Earlier in April, it looked like the death knell had been sounded for Sega Racing Studio, when Sega confirmed that the Solihull-based studio was to be shut down. However, the Sega Rally Revo developer is being saved from the scrapyard, as today Codemasters announced that it will take over the studio with immediate effect.
Codemasters is already well established in the racing genre, having produced the Colin McRae series of rally racing games, which evolved into DiRT last year, as well as the TOCA racing series, known in its upcoming iteration as Grid.
"In seizing this opportunity, we have created additional resources to escalate our plans in the racing segment," Codemasters CEO Rod Cousens said. "We hope to welcome more than 40 people to the company and we have enjoyed the full cooperation of our friends at Sega in making this happen."
As for why the racing studio was set for closure in the first place, Sega cited the underwhelming sales performance of its flagship title, last year's Sega Rally Revo, for the Xbox 360, PlayStation 3, and PC, as a factor. A PSP edition of the game was handled by external studio Bugbear Entertainment.
"The decision is part of a review of Sega's Western Development Studios to ensure that each studio is a profitable entity in its own right," the company said, "and unfortunately the Sega Racing Studio's five-year plan would not result in a successful return for the Sega business moving forward."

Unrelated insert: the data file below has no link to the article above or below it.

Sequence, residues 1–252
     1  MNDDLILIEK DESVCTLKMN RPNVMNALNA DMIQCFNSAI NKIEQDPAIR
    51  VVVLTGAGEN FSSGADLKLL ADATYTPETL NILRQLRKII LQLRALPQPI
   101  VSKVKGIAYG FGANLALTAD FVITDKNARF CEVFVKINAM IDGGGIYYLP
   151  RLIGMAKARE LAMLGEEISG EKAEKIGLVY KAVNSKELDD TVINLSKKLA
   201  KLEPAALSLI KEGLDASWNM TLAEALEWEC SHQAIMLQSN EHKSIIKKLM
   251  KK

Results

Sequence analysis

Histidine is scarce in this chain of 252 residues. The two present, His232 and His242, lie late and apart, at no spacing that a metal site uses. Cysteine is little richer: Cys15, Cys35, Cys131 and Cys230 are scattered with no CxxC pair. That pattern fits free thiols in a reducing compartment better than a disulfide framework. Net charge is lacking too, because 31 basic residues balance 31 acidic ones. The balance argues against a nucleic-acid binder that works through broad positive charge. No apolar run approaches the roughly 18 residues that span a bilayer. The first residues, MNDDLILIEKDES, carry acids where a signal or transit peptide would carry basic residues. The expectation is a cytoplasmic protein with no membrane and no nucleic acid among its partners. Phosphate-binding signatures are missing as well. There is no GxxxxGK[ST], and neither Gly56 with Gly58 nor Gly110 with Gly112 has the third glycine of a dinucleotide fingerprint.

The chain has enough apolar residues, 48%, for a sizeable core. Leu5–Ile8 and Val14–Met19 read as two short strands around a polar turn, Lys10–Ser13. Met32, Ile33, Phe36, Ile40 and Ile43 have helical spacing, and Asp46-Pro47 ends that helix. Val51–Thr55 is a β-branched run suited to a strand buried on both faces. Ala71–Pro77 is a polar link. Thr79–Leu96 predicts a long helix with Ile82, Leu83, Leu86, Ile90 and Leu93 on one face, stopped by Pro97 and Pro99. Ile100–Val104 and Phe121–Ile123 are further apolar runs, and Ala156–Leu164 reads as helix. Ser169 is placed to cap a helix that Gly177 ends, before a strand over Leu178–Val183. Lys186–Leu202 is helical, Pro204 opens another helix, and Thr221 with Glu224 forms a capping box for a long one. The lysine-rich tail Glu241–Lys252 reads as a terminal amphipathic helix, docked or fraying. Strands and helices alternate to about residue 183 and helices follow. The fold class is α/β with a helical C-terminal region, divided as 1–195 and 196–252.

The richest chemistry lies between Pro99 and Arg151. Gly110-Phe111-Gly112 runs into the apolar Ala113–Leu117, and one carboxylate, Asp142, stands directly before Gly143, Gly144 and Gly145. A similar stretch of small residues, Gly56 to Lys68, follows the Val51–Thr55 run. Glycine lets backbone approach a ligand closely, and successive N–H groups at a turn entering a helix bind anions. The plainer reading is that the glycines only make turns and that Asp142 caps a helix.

The closure would have been yet another blow for the British game development industry, which has slipped from third to fourth place in the global rankings as Canada has increased its investment into the industry. This is despite the increase in game sales in the UK, which generated revenue of £418.4 million ($828.9 million) in the first quarter of 2008, according to the Entertainment and Leisure Software Publishers Association.
Gavin Cheshire, vice president of Codemasters Studios, told GameSpot, "Codemasters Studios is on a constant growth curve; in the last 12 months we have opened and staffed up our Guildford studio, and taking over the Sega Racing Studio could take our development headcount over the 350 mark, creating a massive force in British game development. We've invested in talent, created smart technology, and, with this move, we're very proud to be able to offer the development talent at Sega Racing Studio the opportunity to be part of a great team."